Further, providers and users of AI systems may also draw up codes of conduct and governance to support the practical implementation of the Draft AI Law’s requirements.

(9) Serious Security Incidents

Providers and users of AI systems must notify the competent authority of the occurrence of serious security incidents, including where there is risk to human life or the physical integrity of people, interruption of critical infrastructure operations, serious damage to property or the environment, as well as any other serious violations of fundamental human rights.

(10) Civil liability 

Providers and users of AI systems are responsible for the damage(s) caused by the AI system, regardless of the degree of autonomy of the system.  Further, providers and users of “high-risk” AI system are strictly liable to the extent of their participation in the damage, and their fault in causing the damage is presumed.

(11) Copyright 

The automated use of existing works – such as their extraction, reproduction, storage and transformation in data and text-mining processes – by AI systems for activities carried out by research organizations and institutions, journalists, museums, archives and libraries, will not necessarily constitute a copyright infringement under certain scenarios listed in the Draft AI Law.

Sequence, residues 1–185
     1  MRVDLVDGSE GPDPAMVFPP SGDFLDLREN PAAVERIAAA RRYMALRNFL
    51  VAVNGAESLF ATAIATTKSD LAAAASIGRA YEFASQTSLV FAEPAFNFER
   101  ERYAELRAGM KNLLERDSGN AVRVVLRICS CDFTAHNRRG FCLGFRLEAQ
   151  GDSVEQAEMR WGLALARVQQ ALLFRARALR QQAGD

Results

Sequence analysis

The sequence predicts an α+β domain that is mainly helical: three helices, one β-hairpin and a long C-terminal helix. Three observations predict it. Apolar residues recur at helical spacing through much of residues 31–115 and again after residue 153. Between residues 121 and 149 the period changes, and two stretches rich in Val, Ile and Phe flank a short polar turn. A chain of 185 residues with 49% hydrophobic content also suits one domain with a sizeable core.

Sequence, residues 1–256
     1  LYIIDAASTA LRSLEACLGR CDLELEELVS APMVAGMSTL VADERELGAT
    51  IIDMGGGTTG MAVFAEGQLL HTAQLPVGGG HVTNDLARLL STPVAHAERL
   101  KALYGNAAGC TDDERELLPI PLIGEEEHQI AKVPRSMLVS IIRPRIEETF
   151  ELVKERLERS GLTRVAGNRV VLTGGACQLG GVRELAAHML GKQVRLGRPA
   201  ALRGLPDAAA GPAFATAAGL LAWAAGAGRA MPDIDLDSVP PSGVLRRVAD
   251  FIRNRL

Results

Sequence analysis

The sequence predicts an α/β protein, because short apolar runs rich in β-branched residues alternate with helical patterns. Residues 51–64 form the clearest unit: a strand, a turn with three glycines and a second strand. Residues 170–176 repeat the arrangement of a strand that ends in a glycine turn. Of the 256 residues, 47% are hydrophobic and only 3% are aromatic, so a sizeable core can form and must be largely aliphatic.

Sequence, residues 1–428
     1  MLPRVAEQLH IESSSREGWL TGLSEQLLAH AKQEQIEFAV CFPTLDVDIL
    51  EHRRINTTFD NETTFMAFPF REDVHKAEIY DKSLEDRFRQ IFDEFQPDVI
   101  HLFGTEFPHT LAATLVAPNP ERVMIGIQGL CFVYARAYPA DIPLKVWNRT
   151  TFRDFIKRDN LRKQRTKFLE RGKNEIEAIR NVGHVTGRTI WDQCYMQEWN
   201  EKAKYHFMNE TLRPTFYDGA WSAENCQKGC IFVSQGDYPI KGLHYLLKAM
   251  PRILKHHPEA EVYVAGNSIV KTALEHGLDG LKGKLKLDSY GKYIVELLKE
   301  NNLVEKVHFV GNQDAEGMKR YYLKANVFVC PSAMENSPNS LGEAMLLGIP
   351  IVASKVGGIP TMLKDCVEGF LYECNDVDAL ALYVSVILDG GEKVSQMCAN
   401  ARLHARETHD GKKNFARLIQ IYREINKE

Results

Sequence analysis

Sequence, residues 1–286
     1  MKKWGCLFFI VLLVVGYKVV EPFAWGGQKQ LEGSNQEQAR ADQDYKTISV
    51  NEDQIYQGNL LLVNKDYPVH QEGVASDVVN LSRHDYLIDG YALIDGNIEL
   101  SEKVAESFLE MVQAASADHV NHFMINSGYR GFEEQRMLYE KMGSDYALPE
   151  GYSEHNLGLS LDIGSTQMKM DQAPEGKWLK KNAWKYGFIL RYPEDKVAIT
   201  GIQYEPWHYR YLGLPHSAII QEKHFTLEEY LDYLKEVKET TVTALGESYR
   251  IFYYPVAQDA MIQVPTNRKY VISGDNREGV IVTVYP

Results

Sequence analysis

(12) Sandboxes 

The Draft AI Law provides that the competent authority may regulate testing environments to support the development of innovative AI systems.

(13) Enforcement

The Brazilian Government must designate a competent authority to oversee the implementation and enforcement of the Draft AI Law.  Depending on the violation, administrative fines may be imposed of up to 50 million Reais (approximately 9 million Euros) or 2% of a company’s turnover.

Next steps

The Senate will use the Draft AI Law as a basis for drafting and approving a bill, which will then be discussed in the Chamber of Deputies.

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Covington regularly advises the world’s top technology companies on their most challenging regulatory and compliance issues in the U.S., Europe, and other major markets. If you have questions about the regulation of Artificial Intelligence, or other tech regulatory matters, please do not hesitate to contact us.

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Photo of Anna Oberschelp de Meneses Anna Oberschelp de Meneses

Anna Sophia Oberschelp de Meneses is an associate in the Data Privacy and Cybersecurity Practice Group.  Anna is a qualified Portuguese lawyer, but is both a native Portuguese and German speaker.  Anna advises companies on European data protection law and helps clients coordinate…